Its Changing Pacifism and Security Identity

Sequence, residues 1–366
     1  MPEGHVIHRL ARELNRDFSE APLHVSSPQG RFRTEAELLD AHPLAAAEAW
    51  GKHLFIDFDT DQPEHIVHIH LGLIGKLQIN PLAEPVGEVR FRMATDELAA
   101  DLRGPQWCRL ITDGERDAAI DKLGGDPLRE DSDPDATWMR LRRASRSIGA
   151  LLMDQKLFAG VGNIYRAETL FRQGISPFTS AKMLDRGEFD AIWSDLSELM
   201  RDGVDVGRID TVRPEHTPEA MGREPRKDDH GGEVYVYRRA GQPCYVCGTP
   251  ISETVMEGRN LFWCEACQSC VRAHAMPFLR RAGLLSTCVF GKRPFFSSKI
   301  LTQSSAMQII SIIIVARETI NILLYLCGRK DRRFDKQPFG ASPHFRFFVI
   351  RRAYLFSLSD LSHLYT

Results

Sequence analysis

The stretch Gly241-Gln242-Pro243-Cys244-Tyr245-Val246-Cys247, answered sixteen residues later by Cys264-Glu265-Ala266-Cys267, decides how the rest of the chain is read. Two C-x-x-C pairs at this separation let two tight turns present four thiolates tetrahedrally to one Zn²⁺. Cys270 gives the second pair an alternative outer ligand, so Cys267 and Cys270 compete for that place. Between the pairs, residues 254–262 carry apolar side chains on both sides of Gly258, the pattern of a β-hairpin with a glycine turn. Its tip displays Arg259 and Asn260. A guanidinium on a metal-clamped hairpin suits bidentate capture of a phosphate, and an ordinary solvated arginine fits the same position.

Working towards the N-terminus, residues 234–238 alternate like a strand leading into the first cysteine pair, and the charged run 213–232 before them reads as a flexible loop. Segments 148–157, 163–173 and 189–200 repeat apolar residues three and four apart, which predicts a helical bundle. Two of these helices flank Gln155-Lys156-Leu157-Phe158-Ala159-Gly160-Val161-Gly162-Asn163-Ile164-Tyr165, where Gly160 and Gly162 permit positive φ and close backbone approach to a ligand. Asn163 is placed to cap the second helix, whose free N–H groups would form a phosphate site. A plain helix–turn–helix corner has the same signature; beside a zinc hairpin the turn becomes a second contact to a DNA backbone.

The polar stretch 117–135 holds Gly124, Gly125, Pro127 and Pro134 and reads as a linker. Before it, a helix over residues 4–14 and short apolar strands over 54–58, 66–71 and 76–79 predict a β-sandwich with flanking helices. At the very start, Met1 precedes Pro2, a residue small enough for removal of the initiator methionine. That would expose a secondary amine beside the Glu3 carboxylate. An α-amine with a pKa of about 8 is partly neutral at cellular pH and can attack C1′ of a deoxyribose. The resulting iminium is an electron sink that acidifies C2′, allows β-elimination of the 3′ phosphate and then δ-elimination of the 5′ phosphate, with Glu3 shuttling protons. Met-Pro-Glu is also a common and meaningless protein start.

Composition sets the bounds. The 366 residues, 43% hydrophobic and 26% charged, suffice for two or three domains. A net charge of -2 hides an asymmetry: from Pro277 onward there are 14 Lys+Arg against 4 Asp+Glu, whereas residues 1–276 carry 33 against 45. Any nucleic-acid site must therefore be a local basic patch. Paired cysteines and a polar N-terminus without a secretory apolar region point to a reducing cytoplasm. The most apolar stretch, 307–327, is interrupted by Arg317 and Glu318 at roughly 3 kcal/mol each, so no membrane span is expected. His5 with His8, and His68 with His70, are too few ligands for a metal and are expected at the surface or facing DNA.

11 Abstract This book examines Japan’s changing pacifism and its implications for Japan’s security identity from 1945 to the present. Existing literature overlooks a correlation between the shift in the nature of Japan’s paci- fism and its changing security identity. Moreover, earlier scholarship tends to focus on a particular theoretical perspective, and therefore, offers limited theoretical analyses. Accordingly, the main aim of the study is to contribute to filling this research gap by applying an alterna- tive framework combined with an eclectic approach and offering a com- prehensive analysis of Japan’s pacifism and security identity. To examine the shift in Japanese pacifism, this research employed the concept of ‘negative pacifism’ (Article 9 of the Japanese Constitu- tion) and ‘positive pacifism’ (the Preamble of the Constitution) as an ana- lytical framework. The conceptualisation is derived from a definition of ‘negative-positive peace’ (Galtung 1969). To analyse multiple factors which facilitated the shift in Japan’s pacifism, the author applied ‘analyti- cal eclecticism’ (Katzenstein 2008) and integrated the analytical frame- work (negative-positive pacifism) with orthodox international relations theories and approach. In an application of analytical eclecticism, this study proposed four theoretical perspectives of Japan’s security identity: (a) pacifist state (classical liberalism/negative pacifism); (b) UN peace- keeper (neo-liberalism /positive pacifism); (c) normal state (classical realism/domestic pressure); and (d) US ally (neo-realism/external-struc- tural pressure). The main argument of this book is that there has been an incremen- tal shift from negative pacifism to positive pacifism in response to do- mestic and external pressures and that this...
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